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Guest Post

Date: 10/10/2014 | By: Heather

Working professionally with the Fujifilm X series – Guest Post by Gabriele Lopez

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Working professionally with the Fujifilm X series – Guest Post by Gabriele Lopez

“Are you shooting with a film camera? Is it old? What camera are you using?”

These are amongst the classic questions I am asked while working professionally as a photographer.

But first, let me introduce myself …

My name is Gabriele Lopez. I’ve lived and worked in Milan (Italy) as a professional photographer since 2004.

My jobs include: commercial photography which ranges from corporate to events, portraits mainly for local actors and books, weddings taken in a photojournalistic manner and personal projects that I do for myself and that the Millenium Images agency in London distributes. I constantly realize personal and collective projects in the form of self-printed books and fanzines.


Cameras are not fundamental, but at the same time, it is important to use something that fits our needs. I am not the kind of photographer who shoots on a definite mission. Photography for me is mostly a diary, a way of living. In fact I never step out of my home without a camera, even if I don’t plan to shoot something as you never know what you might come across. Everyday I shoot a variety of moments, from the happiest to the most tragic. My instinctive way of shooting allows me to express myself and to understand what’s around me. This way of being stems back to the time I received a Polaroid camera as a gift and when I first bought a 35mm compact camera for recording my daily life.

In a certain sense, mirrorless cameras are the natural evolution of the 35mm compact camera, that I still have and still works.

Following my personal projects is still an important pursuit for me, and even though I’m often busy with professional assignments, I do my best to save time for it. After all it is this very style that I transfer over to my professional work as well. I try to focus on things that I feel are important, the story that I think is worth being told, shooting in the simplest way. I guess most of the results you see in my shots express what I want to say rather than how I do it. The urge to tell a story can push you in a direction you normally wouldn’t take and take you closer to the tools (cameras) that fit your needs.

As I said, the camera is not fundamental, as you can use whatever the market offers but I strongly feel more confident with a smaller chassis and a smaller lens when facing a private event, like shooting a family during a pre-wedding preparation session. I can really “dance” with the camera in my hand without a single obstacle between me and my subject.

Moving around inside a factory between tightly packed machines is much easier compared to hauling around my big bag and expensive DSLRs and lenses. The same goes for crowded events.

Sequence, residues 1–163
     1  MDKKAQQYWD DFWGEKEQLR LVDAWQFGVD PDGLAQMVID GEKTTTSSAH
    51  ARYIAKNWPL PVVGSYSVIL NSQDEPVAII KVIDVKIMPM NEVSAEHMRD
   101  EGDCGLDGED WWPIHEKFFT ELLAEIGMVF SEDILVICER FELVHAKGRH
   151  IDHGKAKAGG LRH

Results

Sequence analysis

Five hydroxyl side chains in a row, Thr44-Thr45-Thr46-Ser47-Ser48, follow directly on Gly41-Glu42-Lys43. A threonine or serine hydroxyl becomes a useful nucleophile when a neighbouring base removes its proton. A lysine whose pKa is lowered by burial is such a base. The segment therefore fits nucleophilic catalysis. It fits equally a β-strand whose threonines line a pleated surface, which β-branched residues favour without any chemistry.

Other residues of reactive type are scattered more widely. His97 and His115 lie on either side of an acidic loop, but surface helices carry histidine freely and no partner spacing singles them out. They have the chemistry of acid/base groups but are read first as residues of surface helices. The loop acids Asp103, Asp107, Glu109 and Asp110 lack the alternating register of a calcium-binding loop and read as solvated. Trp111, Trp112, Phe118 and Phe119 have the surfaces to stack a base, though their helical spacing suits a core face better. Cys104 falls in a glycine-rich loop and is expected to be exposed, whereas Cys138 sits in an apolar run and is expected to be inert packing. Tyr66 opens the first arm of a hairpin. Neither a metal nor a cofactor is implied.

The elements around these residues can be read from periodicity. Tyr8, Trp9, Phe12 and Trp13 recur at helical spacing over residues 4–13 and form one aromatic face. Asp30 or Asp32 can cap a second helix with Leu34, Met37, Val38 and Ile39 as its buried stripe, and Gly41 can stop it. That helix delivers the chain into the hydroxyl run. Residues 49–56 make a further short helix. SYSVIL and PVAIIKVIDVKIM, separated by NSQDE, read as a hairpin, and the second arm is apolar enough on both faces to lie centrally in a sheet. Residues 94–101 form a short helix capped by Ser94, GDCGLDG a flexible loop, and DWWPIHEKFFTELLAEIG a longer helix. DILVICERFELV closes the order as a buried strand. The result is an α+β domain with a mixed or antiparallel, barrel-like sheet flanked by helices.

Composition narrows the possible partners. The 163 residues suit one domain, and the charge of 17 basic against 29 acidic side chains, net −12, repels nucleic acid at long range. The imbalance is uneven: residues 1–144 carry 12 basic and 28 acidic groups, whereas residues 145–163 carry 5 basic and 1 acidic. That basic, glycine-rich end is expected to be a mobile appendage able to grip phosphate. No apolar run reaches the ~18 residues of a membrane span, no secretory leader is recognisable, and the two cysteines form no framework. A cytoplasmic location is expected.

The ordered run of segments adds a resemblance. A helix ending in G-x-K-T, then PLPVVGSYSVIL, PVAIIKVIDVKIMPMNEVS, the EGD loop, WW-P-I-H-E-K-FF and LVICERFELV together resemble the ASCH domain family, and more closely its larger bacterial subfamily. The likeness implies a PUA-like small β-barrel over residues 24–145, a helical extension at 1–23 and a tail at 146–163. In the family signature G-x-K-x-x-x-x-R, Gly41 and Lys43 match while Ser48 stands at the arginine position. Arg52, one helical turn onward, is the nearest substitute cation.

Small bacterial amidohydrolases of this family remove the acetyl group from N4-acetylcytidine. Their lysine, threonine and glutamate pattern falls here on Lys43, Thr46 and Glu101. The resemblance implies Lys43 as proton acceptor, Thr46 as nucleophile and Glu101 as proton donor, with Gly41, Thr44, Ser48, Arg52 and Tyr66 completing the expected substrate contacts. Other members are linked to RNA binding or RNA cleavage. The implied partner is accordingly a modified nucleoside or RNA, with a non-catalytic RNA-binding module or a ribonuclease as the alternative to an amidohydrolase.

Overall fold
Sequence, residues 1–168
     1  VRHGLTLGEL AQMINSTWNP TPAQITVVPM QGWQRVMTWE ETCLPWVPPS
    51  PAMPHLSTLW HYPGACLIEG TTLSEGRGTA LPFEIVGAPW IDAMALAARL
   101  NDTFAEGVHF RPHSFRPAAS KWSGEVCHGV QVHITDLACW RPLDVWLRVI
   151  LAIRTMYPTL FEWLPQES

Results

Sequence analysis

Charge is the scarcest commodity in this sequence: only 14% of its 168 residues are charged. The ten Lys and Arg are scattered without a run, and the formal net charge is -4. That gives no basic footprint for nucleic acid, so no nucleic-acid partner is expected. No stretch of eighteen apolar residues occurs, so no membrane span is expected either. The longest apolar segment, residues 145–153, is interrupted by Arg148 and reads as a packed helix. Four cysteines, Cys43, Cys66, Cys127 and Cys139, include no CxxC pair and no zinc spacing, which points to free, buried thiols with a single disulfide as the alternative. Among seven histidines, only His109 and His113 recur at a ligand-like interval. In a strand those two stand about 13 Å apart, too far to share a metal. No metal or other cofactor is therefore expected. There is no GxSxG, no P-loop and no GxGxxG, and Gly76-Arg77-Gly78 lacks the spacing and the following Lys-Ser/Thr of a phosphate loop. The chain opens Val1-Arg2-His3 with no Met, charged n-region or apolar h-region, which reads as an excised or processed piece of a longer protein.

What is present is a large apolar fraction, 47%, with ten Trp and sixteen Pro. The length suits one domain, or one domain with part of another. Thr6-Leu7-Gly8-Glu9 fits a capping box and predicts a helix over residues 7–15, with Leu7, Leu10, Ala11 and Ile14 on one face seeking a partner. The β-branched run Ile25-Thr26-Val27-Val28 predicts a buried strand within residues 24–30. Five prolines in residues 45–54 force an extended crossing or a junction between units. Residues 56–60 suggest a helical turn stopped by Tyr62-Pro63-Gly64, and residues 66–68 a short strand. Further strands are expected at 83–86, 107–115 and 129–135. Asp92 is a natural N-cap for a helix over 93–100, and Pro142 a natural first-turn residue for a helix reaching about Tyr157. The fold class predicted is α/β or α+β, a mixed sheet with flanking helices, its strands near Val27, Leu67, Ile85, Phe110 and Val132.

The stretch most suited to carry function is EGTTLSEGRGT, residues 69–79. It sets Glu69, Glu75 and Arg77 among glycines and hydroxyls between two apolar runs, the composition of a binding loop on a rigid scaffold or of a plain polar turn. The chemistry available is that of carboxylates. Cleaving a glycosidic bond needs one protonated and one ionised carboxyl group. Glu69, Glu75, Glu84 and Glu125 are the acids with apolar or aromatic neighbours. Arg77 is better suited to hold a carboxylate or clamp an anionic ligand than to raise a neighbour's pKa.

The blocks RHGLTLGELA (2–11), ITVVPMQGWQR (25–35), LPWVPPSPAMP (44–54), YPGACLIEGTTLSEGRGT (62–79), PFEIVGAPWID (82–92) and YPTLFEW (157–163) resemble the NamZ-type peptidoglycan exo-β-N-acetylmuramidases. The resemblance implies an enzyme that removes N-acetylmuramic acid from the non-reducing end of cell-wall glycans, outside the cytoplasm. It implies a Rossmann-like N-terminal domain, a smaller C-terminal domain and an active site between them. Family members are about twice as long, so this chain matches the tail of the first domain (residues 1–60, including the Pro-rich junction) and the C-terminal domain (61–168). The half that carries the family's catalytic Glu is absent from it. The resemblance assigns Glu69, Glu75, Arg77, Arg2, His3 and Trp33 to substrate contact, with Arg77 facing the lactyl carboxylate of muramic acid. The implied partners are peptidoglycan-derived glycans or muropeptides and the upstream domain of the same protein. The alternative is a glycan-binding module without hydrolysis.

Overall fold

I can also reach any destination with a single messenger bag on my motorbike. I usually have two or three bodies inside with four lenses, a flash, batteries, a raincoat, and many other kinds of tools.

Fujifilm cameras (my system of choice) have a super friendly and simple interface, as well as dials instead of buttons which help me to think less about the camera and more about the shooting. The sensors and lenses available today are super. I can have the confidence to cover any kind of assignment, even when the lighting is low or hard. Shooting at 6400 and obtaining good printable files is a must for me, and the tridimensionality of the final picture is really good.



I recently photographed a big lawyer studio as an assignment for which I included different cities around Italy. This involved a lot of jumping on and off trains and hanging around. My Fujifilm cameras gave me a sense of freedom that in the past I could only dream of. And at night I was still free to be around and shoot for myself.

The same applies when I have to fly for work. I can pack a complete system and clothes for a few days in my hand-baggage, ready to jump in a taxi and straight to the event. This has happened so many times. It gives your profession a less-static approach and doesn’t take the fun out of it. If you have to shoot four weddings in a row, you’ll be happy that your cameras are not wasting your back.

Professional needs can push you to use big and heavy tools, and that’s fine if you understand that you have specific needs but for my style it would be totally useless.

Many generations of photographers used the Contax G System or Leica. These cameras in my opinion are very reminiscent of these mirrorless models and require the same kind of shooting style. A viewfinder in the corner, and a free face to see the world around you.

I can’t imagine myself going back to the DSLR days. These cameras make shooting so much more fun, easy and free now, and allow my personal work to seep into my professional assignments, something that my clients usually look for in a shoot.


You can see my work here:



Most of my attention is still dedicated to my personal projects:

My personal Blog:

Selected galleries can be found here:

I am also a member of Spontanea, a website dedicated to the culture and promotion of Italian Street Photography:

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About the author: Heather Broster

Heather Broster was born in Canada, has lived in Japan and Italy but currently calls Wales home. She is a full-time gear tester at MirrorLessons. You can follow her on Google+, Twitter or Facebook!

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